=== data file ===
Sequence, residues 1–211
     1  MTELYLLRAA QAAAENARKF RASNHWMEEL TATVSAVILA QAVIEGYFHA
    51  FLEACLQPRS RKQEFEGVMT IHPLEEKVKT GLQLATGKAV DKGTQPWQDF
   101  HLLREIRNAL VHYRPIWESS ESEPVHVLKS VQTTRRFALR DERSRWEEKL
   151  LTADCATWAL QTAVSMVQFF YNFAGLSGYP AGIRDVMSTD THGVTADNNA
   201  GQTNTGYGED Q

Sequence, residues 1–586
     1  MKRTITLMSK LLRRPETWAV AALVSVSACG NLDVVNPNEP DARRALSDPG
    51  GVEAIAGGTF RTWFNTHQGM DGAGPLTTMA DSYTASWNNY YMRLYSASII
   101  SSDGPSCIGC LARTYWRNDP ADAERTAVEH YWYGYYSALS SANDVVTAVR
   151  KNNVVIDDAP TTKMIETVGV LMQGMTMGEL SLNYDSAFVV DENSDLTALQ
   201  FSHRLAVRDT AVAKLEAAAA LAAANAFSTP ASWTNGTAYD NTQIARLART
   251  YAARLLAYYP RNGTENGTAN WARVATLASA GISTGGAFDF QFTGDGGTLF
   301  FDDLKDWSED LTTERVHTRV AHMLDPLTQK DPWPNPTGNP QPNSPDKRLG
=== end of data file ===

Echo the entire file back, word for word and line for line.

Sequence, residues 1–211
     1  MTELYLLRAA QAAAENARKF RASNHWMEEL TATVSAVILA QAVIEGYFHA
    51  FLEACLQPRS RKQEFEGVMT IHPLEEKVKT GLQLATGKAV DKGTQPWQDF
   101  HLLREIRNAL VHYRPIWESS ESEPVHVLKS VQTTRRFALR DERSRWEEKL
   151  LTADCATWAL QTAVSMVQFF YNFAGLSGYP AGIRDVMSTD THGVTADNNA
   201  GQTNTGYGED Q

Sequence, residues 1–586
     1  MKRTITLMSK LLRRPETWAV AALVSVSACG NLDVVNPNEP DARRALSDPG
    51  GVEAIAGGTF RTWFNTHQGM DGAGPLTTMA DSYTASWNNY YMRLYSASII
   101  SSDGPSCIGC LARTYWRNDP ADAERTAVEH YWYGYYSALS SANDVVTAVR
   151  KNNVVIDDAP TTKMIETVGV LMQGMTMGEL SLNYDSAFVV DENSDLTALQ
   201  FSHRLAVRDT AVAKLEAAAA LAAANAFSTP ASWTNGTAYD NTQIARLART
   251  YAARLLAYYP RNGTENGTAN WARVATLASA GISTGGAFDF QFTGDGGTLF
   301  FDDLKDWSED LTTERVHTRV AHMLDPLTQK DPWPNPTGNP QPNSPDKRLG